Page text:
It'll be 25 years tomorrow since then 18-year-old Tendulkar's brave innings of 114 at Perth in 1992, when India ended up losing 0-4 to Oz
Sachin Tendulkar acknowledges the cheers after reaching his century against Australia at the WACA ground in Perth on February 3, 1992. Pic/AFP
The Indians, for obvious geographical reasons, can't say it like the Aussies used to spell it out in television promos for home cricket series a few decades ago — "We'll give you thunder Down Under."
But Virat Kohli & Co will be licking their fingers in anticipation of the four-Test home series, never mind if Mitchell Starc can bowl a mean spell, David Warner can change the course of a Test in a session with his punitive blade or if captain Steve Smith can, on his day, be the finest player against the turning ball.
Twenty-five years ago, India did not have the wood on Australia, but they had an 18-year-old batsman who got the world to sit up and take notice of his rasping drives, fierce cut shots and sage-like temperament that made the Australian fielders utter, "Jesus, this is something special" at Perth on February 3, 1992.
Many pundits reckon Tendulkar's 114 at the Western Australia Cricket Association (WACA) ground against Allan Border's Australians was the finest of his 51 Test centuries he carved out in his career. The man himself rates the effort very highly — an innings that provided him the assurance that he could get runs anywhere and against anyone.
Kiran More, who put on 81 for the ninth wicket with Tendulkar in that first innings, not only recalled Border's four-prong pace attack of Craig McDermott, Merv Hughes, Mike Whitney and Paul Reiffel, but also the cracks on the WACA pitch. The short-statured duo decided to try and turn a blind eye to the pitch indentations as even good deliveries were punched away off Tendulkar's back foot.
Pravin Amre, India's 12th man for that game, told me that he had not seen such decisive back-foot play before and since. "When I went out with the drinks, I could see that Sachin was in his zone. I was scared looking at those cracks, but he seemed to have ignored them. It was batting at its unbelievable best. This was the last Test of a lost series. Yet, Sachin kept himself motivated," said Amre, who notched up a Test debut hundred nine months later — vs South Africa at Kingsmead in Durban — another difficult pitch to get runs on.
The WACA ground was truly a haven for pace bowlers then and for an 18-year-old to produce the kind of innings that Tendulkar did on the fastest pitch in the world, deserved the highest praise. One such accolade was dished out in the press box even before the agency writers had dispatched their reports on Tendulkar's third Test century. Englishman John Woodcock, the doyen of cricket writers, stood up, clapped a bit and is believed to have said, "This boy is as good as, if not better than, Don Bradman. And unlike many of you, I've seen Bradman bat!"
Among the many shots Tendulkar played that day in his 16-boundary, 161-ball innings, the one that stood out for Somerset captain-turned-writer Peter Roebuck was an on-drive off left-arm pacer Whitney. For the late Roebuck, writing for the Sydney Morning Herald, it was, "a shot demanding extraordinary timing, a shot of the highest pedigree." He further wrote, "Since time began, few players can have conceived, let alone executed, a stroke such as this, let alone in a Test match and with his team in trouble."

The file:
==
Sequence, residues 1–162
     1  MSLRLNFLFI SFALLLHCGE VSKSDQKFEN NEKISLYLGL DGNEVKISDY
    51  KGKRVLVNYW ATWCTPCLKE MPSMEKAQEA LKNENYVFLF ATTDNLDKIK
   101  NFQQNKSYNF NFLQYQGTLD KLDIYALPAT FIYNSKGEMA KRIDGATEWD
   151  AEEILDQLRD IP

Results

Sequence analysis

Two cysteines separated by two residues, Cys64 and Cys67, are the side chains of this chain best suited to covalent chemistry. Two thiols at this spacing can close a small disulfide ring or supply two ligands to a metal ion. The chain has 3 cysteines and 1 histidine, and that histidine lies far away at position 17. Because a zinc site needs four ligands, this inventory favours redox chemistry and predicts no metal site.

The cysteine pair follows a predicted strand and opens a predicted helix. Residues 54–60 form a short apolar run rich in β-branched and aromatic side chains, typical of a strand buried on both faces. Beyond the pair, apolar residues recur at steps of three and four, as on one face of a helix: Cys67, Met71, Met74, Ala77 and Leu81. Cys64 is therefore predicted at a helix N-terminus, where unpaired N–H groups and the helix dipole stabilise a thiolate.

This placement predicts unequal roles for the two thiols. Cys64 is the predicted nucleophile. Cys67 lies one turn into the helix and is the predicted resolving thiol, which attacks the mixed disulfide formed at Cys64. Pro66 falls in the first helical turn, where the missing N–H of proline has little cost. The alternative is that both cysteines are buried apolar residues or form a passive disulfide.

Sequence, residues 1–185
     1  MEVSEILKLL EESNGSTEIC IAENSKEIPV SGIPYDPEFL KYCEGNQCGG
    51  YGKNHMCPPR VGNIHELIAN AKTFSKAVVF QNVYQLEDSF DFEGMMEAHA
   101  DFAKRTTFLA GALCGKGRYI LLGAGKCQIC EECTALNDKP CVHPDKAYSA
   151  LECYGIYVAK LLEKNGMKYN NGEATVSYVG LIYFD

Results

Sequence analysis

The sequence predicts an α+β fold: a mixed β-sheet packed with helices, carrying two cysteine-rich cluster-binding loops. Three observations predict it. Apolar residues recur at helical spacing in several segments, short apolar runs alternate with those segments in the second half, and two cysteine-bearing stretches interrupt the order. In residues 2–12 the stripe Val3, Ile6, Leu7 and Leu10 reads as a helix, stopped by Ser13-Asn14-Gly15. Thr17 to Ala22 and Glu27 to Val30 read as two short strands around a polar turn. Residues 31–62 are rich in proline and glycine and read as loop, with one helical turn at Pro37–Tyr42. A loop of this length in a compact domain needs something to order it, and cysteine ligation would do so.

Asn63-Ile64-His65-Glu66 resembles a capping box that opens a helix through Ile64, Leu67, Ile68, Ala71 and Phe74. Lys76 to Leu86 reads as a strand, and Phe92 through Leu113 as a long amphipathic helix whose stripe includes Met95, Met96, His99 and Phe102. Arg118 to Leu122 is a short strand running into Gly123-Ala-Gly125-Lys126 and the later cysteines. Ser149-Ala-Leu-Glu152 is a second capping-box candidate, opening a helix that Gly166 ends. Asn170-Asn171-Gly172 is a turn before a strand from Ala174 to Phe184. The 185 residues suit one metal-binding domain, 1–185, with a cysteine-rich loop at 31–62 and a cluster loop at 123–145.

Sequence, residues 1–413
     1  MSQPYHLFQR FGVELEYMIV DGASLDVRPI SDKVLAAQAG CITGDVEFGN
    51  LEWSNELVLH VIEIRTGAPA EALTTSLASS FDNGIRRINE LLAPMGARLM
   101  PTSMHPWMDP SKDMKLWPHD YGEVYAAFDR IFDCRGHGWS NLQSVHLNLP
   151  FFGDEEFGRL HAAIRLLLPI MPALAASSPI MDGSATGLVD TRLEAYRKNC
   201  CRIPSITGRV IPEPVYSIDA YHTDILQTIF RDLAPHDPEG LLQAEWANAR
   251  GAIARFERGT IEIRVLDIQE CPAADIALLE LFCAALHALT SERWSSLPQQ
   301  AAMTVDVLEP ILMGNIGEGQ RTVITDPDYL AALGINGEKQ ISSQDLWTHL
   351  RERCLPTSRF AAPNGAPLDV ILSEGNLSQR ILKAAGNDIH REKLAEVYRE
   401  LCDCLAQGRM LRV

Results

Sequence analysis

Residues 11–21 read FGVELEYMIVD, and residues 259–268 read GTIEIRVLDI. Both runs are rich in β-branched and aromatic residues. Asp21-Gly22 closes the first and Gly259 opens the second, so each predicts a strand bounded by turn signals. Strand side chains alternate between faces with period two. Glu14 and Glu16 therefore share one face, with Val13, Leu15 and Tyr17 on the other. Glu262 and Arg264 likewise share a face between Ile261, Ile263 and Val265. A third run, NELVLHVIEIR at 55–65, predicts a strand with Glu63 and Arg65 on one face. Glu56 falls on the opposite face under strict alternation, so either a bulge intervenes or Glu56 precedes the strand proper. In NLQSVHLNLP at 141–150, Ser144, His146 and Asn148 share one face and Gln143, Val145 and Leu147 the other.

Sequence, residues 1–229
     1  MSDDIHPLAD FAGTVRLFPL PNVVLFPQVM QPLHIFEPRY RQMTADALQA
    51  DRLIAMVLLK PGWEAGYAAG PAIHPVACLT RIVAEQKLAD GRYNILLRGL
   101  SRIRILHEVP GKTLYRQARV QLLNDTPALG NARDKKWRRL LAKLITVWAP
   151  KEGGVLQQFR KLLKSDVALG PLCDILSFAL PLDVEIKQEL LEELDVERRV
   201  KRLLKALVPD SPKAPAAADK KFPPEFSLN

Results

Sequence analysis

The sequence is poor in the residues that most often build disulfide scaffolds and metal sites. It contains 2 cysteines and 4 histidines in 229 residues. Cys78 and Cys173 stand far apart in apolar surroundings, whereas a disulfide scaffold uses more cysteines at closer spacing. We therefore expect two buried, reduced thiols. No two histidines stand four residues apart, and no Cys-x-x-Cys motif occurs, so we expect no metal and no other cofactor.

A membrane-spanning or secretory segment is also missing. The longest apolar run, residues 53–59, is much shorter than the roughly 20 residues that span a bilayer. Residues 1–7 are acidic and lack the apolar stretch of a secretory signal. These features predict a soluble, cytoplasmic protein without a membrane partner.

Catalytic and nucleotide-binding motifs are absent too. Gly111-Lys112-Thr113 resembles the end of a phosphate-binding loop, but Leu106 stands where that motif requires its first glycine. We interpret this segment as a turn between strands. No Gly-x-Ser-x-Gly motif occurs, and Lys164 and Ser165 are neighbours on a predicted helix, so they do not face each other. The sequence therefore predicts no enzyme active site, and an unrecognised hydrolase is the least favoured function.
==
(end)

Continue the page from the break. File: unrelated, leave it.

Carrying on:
Ian and Greg Chappell were mesmerised in the commentary box and Richie Benaud, the greatest television caller of them all, felt privileged to be at the WACA ground to witness a special counter-attacking innings. "It was a remarkable knock for a player of great experience, but for an 18-year-old… it was incredible," said Ian on ESPN Cricinfo many years later. When Tendulkar reached his hundred by beating the mid-on fielder off Craig McDermott, Benaud said, "A splendid ovation from a small crowd, the sort of innings that deserves a crowd of a hundred thousand."
Later in the day, in the first over after tea, Kapil Dev trapped Mark Taylor leg before wicket for his 400th Test wicket, a heavyweight of a cricketing achievement. It would be cruel not to also celebrate the silver jubilee of Kapil's feat. After all, only Richard Hadlee had crossed the 400-wicket mark before the great Indian. Tendulkar's reputation grew thanks to his Perth exploits. Bowlers feared his aggressive shots, a bit like what they felt while bowling to Viv Richards, who had bid international cricket goodbye the previous year.
As Border writes in his last book, Cricket As I See It: "He (Tendulkar) was only 18 years old, but he'd already made his name as a wunderkind with runs against other countries — and then we got to see how good he was." Australia would be hoping to launch a young batting spectacle in India. We'll wait and see if they can produce some thunder to plunder the opposition in the land of spin.
mid-day's group sports editor Clayton Murzello is a purist with an open stance. He tweets @ClaytonMurzello Send your feedback to email@example.com